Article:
"(a) From interfering with the operation and effect of and from impairing or otherwise depriving Argus Cameras, Inc., of the benefits of its fair-trade contracts and its lawful right in the State of Michigan to confine the distribution of its trade-marked products solely through wholesale and retail distributors and dealers who are willing to enter into such contracts by mailing or otherwise disseminating in the State of Michigan circulars, catalogs, mailing pieces or any other form of advertising, or in any other manner offering for sale or selling or delivering for sale in the State of Michigan any Argus products, bearing its trade-mark and covered by plaintiff's said fair-trade contracts, at less than the prices established thereby as the same are in force and effect from time to time and of which the defendants shall have notice;

"(b) From inducing or attempting to induce wholesale and/or retail distributors and dealers of Argus products to violate their contracts with Argus Cameras, Inc., by purchasing Argus products from any retailer at less than the minimum prices established pursuant to an Argus retailer fair-trade contract in effect between such retailer and Argus Cameras, Inc., or by purchasing any Argus product from any wholesaler in violation of the provisions of an Argus wholesaler fair-trade contract in effect with such wholesaler, or by inducing any retailer to enter into an Argus retailer fair-trade contract with Argus Cameras, Inc., for the purpose of supplying any Argus product to defendants or any of them in violation of such contract, from purchasing, directly or indirectly, Argus products from any person, firm or corporation which has entered into an Argus retailer fair-trade contract or an Argus wholesaler fair-trade contract, where defendants, or any of them, have notice or knowledge of such contract, and from inducing or attempting to induce wholesale and retail distributors and dealers of Argus products to violate their contracts with Argus Cameras, Inc., either directly or by means of any subterfuge, sham or other indirection; "until the further order of this court."

The act under which the contracts between plaintiff Argus and its wholesalers and distributors were executed, is PA 1937, No 50 (CL 1948, § 445.151 et seq. [Stat Ann 1953 Cum Supp § 19.321 et seq.]).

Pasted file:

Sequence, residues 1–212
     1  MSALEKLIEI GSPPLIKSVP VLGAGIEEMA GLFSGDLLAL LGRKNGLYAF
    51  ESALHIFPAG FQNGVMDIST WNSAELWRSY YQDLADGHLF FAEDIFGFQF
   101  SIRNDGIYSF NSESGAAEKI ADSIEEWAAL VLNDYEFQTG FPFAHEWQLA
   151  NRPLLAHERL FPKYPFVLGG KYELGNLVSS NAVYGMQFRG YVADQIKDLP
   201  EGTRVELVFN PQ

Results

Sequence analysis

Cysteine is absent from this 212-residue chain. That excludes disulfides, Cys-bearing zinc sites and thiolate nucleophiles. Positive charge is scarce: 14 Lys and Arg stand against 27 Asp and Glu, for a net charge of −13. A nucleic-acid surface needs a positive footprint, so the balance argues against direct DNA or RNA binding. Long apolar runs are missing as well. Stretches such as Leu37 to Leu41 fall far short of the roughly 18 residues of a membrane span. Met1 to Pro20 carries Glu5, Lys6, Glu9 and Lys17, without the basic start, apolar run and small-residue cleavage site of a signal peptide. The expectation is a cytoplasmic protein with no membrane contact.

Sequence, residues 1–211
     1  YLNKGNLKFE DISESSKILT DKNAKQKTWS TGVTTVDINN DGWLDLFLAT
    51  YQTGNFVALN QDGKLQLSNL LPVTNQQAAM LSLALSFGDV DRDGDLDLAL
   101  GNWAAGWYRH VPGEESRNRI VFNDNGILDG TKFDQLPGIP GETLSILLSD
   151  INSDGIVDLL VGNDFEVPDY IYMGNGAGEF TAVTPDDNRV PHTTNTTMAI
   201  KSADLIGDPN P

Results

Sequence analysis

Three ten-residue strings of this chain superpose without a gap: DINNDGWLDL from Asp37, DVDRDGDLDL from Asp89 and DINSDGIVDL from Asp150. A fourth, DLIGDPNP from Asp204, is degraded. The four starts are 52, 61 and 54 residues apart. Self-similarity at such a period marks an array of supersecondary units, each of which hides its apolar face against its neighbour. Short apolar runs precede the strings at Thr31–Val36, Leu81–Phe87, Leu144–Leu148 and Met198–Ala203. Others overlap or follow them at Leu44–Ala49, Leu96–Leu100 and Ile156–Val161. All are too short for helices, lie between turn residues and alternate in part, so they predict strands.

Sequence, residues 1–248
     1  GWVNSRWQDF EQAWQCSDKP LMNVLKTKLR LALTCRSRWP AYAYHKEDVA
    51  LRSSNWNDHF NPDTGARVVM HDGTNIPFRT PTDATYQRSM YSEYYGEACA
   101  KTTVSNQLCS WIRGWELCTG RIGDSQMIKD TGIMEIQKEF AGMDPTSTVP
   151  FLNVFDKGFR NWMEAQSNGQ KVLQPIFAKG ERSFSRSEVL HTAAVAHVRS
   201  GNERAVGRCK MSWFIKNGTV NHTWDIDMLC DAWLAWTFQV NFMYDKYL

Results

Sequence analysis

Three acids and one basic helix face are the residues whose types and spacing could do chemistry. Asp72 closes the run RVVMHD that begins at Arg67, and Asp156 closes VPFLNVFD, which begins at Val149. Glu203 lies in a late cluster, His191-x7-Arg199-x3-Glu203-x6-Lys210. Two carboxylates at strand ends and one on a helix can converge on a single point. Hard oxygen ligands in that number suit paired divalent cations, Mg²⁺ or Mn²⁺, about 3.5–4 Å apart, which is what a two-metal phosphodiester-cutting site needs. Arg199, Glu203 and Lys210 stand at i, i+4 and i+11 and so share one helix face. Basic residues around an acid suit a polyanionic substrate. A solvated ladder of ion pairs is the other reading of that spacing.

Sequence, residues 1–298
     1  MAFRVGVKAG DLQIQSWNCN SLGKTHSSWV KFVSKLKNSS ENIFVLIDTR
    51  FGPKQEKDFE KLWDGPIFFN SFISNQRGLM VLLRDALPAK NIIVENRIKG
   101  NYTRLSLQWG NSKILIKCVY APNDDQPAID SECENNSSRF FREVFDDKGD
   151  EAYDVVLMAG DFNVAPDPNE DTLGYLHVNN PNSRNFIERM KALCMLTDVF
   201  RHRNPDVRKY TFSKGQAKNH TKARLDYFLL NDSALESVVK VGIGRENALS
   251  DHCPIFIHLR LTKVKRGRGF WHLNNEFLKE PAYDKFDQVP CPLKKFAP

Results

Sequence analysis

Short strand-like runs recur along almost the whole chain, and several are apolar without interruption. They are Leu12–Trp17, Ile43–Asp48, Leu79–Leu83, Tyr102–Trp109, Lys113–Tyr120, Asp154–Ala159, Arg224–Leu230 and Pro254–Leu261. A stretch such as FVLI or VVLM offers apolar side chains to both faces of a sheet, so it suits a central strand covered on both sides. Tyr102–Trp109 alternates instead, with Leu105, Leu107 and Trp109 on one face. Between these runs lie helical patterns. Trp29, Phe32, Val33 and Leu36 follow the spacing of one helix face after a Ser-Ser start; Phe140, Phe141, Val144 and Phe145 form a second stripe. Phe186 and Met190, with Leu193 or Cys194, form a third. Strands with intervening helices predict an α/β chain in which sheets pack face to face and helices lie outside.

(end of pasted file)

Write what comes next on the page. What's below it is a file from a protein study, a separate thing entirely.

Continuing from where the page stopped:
Defendants rely upon the decision of this Court in Shakespeare Company v. Lippman's Tool Shop Sporting Goods Co., 334 Mich. 109. In the Shakespeare Case we say (syllabus 1):

"State statute declaring that advertising, offering for sale or selling of a commodity which bears the trade-mark, brand, or name of the producer or owner and which is in fair and open competition with commodities of the same general class at a price that is less than that set by the producer or vendor is unfair competition and actionable at the suit of any person damaged thereby is unconstitutional as applied to persons who have not signed a so-called fair-trade agreement whereby they agree to abide by the producer's minimum prices on the products, since it constitutes a deprivation of property without due process of law (Const 1908, art 2, § 16; CL 1948, § 445.151 et seq.)."

Defendants claim there is considerable doubt as to whether they would be guilty of plaintiff's charges even if the defendants did induce the nonperformance of plaintiff's fair-trade contracts by their wholesalers and distributors, for the purpose of acquiring merchandise.

We quote from 4 Restatement, Torts, § 774, as follows:

"One is privileged by proper means to induce the nonperformance of a contract or bargain, the purpose or effect of which is to restrict his business opportunities in violation of a defined public policy.